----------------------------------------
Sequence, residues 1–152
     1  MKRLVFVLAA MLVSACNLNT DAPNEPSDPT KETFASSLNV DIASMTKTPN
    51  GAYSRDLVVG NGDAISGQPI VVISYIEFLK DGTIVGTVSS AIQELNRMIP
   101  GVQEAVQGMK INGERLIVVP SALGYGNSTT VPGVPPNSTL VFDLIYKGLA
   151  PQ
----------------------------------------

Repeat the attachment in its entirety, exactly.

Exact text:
Sequence, residues 1–152
     1  MKRLVFVLAA MLVSACNLNT DAPNEPSDPT KETFASSLNV DIASMTKTPN
    51  GAYSRDLVVG NGDAISGQPI VVISYIEFLK DGTIVGTVSS AIQELNRMIP
   101  GVQEAVQGMK INGERLIVVP SALGYGNSTT VPGVPPNSTL VFDLIYKGLA
   151  PQ